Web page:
Best Ted Talks on Technology and Education

A selection of TED talks developed by scientists who are creating technologies to preserve a constantly deteriorating environment

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best ted talks on technology

The progressive disappearance of natural resources by human action is not a novelty. Many scientists around the world are trying to offer a solution to a future that promises to boost pollution if we continue on the same path. Know your ideas in the following TED talks about technology to preserve the environment and be part of the movement that seeks sustainable alternatives.

1. The search for drinking water by a young scientist

Did you know that 660 million people lack access to safe water? This is expressed by the World Health Organization and is working Deepika Kurup, a teenager born in 1998 who set out to create an economic system to purify water. His idea comes from an experience he lived in his grandparents’ home in India when he witnessed children drinking dirty water. She was recognized for her work with numerous scientific awards, and in her talk, TED explains how she came to her ecological invention to purify water, which continues to improve.

 

2. A robot that eats pollution

Robotic engineer Jonathan Rossite created “Row-bot,” a robot that cleans pollution autonomously while swimming in dirty water and generates electricity to run. The invention constitutes a biodegradable robotic approach that neutralizes algae and oil stains through a fuel cell. The system is inspired by the peregrine shark, a non-carnivorous animal that eats plankton, supplying energy while digesting the microscopic organism. Also, it was based on the aquatic insect Corixa which is propelled with its shovel legs through the water.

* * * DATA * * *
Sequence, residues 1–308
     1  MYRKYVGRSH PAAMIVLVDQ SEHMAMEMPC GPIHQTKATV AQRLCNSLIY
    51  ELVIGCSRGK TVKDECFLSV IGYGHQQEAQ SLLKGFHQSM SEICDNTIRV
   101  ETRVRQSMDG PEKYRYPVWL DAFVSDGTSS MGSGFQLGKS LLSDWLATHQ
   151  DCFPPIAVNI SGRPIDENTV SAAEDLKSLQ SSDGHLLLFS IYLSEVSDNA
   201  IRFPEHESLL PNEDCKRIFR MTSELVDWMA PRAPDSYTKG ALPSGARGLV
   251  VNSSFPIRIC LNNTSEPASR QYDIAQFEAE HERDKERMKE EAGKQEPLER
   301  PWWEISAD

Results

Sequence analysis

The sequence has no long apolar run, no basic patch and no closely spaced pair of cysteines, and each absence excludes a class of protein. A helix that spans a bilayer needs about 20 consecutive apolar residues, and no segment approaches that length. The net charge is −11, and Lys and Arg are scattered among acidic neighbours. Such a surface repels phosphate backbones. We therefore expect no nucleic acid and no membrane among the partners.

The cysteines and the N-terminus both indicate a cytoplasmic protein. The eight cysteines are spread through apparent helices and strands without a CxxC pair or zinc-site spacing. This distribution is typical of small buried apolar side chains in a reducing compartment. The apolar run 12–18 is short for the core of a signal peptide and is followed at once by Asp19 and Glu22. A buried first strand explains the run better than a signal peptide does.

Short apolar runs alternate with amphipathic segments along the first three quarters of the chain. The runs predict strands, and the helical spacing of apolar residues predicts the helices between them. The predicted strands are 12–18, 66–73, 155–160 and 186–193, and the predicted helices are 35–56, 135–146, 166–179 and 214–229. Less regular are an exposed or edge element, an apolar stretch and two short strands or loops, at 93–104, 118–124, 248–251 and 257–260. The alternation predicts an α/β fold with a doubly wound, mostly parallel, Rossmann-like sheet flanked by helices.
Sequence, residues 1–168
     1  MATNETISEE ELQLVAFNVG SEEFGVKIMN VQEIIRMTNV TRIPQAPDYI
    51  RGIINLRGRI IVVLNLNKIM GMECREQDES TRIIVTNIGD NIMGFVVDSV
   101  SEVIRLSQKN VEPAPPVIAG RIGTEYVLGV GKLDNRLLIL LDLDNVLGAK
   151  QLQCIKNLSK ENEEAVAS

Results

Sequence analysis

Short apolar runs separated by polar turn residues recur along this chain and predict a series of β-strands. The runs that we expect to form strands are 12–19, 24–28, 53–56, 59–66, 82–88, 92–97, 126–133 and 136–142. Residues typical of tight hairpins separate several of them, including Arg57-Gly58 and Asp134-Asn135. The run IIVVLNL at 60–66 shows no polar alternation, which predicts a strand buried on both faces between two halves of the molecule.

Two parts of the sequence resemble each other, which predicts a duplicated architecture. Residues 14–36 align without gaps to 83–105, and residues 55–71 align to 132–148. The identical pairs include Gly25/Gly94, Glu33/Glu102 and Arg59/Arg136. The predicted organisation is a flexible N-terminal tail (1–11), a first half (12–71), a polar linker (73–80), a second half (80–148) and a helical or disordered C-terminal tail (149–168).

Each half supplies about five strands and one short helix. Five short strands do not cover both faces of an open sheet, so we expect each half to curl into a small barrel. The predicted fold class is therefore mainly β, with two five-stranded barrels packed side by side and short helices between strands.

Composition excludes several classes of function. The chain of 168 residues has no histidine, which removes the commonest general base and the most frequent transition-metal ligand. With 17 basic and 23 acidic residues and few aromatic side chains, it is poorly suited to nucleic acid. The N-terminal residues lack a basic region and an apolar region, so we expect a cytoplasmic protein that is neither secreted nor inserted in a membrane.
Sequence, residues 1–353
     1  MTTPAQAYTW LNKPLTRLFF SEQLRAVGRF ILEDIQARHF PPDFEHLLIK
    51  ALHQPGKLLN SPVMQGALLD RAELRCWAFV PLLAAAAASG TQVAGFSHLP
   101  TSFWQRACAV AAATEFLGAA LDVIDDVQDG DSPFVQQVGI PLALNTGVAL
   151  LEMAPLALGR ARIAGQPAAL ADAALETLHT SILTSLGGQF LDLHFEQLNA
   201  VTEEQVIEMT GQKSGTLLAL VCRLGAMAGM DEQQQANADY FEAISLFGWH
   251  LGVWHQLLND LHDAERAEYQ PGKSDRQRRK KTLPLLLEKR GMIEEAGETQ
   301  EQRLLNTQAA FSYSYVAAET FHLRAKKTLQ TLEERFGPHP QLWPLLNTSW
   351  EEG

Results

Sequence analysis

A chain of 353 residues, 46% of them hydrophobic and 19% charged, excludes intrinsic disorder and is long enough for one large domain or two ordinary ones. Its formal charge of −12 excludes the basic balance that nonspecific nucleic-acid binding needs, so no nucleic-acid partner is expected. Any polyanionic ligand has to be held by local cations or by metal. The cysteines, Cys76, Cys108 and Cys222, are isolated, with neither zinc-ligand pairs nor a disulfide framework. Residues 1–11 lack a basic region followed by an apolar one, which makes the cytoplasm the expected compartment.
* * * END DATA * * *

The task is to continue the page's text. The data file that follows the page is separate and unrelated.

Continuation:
3. Clean the Earth’s orbit

Scientist Natalie Panek is dedicated to the construction of space robots, and her concern is that the Earth’s orbit is filled with “space scrap” that the human being himself sends. The devices that are in the space are responsible for communicating, informing and entertaining us. If the Earth’s orbit is saturated with satellites that do not consider their impact on the environment, we will lose this resource. Since the 1950s 7,000 satellites have been sent, and only 1 in 7 of them work because they disintegrate over the decades, so there is a lot of scrap floating around the Earth. The problem poses risks for space missions but also for satellites that allow us to live the way we do today.

 

4. We need nuclear energy to solve climate change

Joe Lassister is in charge of developing clean energy of low budget, and during his talk, TED analyzes the subject of nuclear energy, which requires new plants capable of competing with the costs of this type of energy. The impact is primarily in developing countries where one billion people do not have access to electricity, and two and a half billion lack reliable fuels in their kitchen or heating system. He says that by 2024, 800 to 1600 coal plants will be built in the world, so the situation will worsen unless we think of an alternative. His invitation is to raise awareness about the problem to request governments, organizations, and companies an investment to develop systems more economical,

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